By Jim Schutze
By Rachel Watts
By Lauren Drewes Daniels
By Anna Merlan
By Lee Escobedo
By Alice Laussade
By Scott Reitz
That's not to say that there aren't plenty of stoned, off-the-dome moments on songs like "Dontgetit," in which he babbles: "Due to the laws we have on crack cocaine and regular cocaine, the police are only—" long pause "—I don't want to say only right, but shit, only logic by riding around in the hood all day and not in the suburbs." He continues briefly but then gives up. "You know where I'm going." But for better or worse, this is all part of Weezy's new (most would say, improved) aesthetic since the days of his hurried, more predictable style that characterized II and his earlier studio output. Though he used to struggle to stay within Cash Money's tinny-beats-and-two-dimensional-bravado paradigm, on III, Wayne is completely comfortable saying whatever the hell he wants and over whatever type of music he's feeling. (Even his own poorly played guitar.)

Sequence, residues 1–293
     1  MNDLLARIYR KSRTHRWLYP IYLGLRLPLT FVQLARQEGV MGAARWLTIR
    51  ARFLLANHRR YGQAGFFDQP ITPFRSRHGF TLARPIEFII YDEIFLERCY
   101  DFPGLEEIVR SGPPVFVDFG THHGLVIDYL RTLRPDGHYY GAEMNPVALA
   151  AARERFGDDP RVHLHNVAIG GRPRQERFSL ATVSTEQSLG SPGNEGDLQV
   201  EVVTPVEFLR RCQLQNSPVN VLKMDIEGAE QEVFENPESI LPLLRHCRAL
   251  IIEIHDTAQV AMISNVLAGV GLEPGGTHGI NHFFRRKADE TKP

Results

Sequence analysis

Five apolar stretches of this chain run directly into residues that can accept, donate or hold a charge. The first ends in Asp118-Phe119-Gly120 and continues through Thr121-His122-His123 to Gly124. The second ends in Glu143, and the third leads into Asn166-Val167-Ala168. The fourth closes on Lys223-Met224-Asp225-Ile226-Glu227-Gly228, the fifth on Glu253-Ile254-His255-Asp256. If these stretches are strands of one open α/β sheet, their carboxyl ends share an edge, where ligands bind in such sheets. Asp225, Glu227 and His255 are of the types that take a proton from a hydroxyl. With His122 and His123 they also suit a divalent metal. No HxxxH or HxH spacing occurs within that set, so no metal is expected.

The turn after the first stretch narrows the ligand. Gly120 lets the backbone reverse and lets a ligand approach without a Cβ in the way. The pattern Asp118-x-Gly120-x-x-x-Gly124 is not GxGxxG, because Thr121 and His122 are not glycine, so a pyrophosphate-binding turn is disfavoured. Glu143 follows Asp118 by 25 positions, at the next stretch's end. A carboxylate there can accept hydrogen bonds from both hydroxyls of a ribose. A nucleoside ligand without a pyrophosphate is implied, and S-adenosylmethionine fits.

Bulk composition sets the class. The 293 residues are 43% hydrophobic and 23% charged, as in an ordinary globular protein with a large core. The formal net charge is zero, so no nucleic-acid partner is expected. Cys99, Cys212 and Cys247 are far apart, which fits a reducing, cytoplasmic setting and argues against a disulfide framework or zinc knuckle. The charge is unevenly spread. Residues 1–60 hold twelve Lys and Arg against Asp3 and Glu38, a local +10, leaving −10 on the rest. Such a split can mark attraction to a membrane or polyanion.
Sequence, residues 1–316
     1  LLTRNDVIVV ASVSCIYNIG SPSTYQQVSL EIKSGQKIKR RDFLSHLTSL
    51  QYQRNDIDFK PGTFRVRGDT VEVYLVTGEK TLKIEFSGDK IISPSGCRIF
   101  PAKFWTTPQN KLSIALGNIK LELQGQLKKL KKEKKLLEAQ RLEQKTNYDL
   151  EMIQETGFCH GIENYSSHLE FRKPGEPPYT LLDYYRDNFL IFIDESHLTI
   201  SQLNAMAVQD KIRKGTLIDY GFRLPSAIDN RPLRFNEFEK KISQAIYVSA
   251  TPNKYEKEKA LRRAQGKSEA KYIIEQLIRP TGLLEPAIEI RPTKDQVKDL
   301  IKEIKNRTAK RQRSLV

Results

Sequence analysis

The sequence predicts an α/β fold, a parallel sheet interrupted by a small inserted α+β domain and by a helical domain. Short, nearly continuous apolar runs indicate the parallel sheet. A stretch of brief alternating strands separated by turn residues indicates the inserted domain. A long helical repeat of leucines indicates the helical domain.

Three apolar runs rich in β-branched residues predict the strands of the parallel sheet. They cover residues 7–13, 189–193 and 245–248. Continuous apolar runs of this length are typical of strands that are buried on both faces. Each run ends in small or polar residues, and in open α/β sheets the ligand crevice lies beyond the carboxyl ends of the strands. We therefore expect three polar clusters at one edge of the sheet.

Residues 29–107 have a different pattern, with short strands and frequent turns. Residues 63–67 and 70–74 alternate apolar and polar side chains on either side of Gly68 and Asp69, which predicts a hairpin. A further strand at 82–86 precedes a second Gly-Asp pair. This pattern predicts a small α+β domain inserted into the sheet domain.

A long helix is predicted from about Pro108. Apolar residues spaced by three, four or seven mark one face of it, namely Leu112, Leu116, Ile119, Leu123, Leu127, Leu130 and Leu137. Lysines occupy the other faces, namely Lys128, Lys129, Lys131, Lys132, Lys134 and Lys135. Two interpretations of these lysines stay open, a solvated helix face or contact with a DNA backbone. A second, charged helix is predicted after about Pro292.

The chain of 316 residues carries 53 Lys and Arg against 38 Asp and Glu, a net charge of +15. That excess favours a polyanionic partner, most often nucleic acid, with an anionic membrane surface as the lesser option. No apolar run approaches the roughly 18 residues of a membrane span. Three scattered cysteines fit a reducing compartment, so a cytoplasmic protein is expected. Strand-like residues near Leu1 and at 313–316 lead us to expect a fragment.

Much of Wayne's charm is that neither he nor anyone else knows what's going to come out of his mouth next. And because Wayne has finally mastered the art of knowing when to let himself go and when to reel himself in, III is a cohesive, fulfilling work.
"Are there any tracks you're surprised turned out as well as they did?" I ask.
"Um, no, all of them are exactly what I expected," he says. "I put my all into them, and I expect to get all out of them."
And Wayne knows exactly what he's doing.